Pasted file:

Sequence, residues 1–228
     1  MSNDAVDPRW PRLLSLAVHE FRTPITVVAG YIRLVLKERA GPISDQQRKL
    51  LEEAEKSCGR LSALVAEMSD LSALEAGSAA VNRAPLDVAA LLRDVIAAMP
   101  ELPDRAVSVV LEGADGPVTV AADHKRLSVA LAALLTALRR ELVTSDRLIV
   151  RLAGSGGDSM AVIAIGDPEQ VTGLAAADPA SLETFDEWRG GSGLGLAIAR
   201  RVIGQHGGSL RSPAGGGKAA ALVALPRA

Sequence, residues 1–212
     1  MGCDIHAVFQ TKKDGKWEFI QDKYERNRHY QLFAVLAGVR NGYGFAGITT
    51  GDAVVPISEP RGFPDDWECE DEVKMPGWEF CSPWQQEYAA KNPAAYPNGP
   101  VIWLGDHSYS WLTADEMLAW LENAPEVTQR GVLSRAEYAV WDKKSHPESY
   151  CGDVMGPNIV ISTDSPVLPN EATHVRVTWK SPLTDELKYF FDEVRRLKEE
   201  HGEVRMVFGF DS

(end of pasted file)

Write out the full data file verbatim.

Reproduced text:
Sequence, residues 1–228
     1  MSNDAVDPRW PRLLSLAVHE FRTPITVVAG YIRLVLKERA GPISDQQRKL
    51  LEEAEKSCGR LSALVAEMSD LSALEAGSAA VNRAPLDVAA LLRDVIAAMP
   101  ELPDRAVSVV LEGADGPVTV AADHKRLSVA LAALLTALRR ELVTSDRLIV
   151  RLAGSGGDSM AVIAIGDPEQ VTGLAAADPA SLETFDEWRG GSGLGLAIAR
   201  RVIGQHGGSL RSPAGGGKAA ALVALPRA

Sequence, residues 1–212
     1  MGCDIHAVFQ TKKDGKWEFI QDKYERNRHY QLFAVLAGVR NGYGFAGITT
    51  GDAVVPISEP RGFPDDWECE DEVKMPGWEF CSPWQQEYAA KNPAAYPNGP
   101  VIWLGDHSYS WLTADEMLAW LENAPEVTQR GVLSRAEYAV WDKKSHPESY
   151  CGDVMGPNIV ISTDSPVLPN EATHVRVTWK SPLTDELKYF FDEVRRLKEE
   201  HGEVRMVFGF DS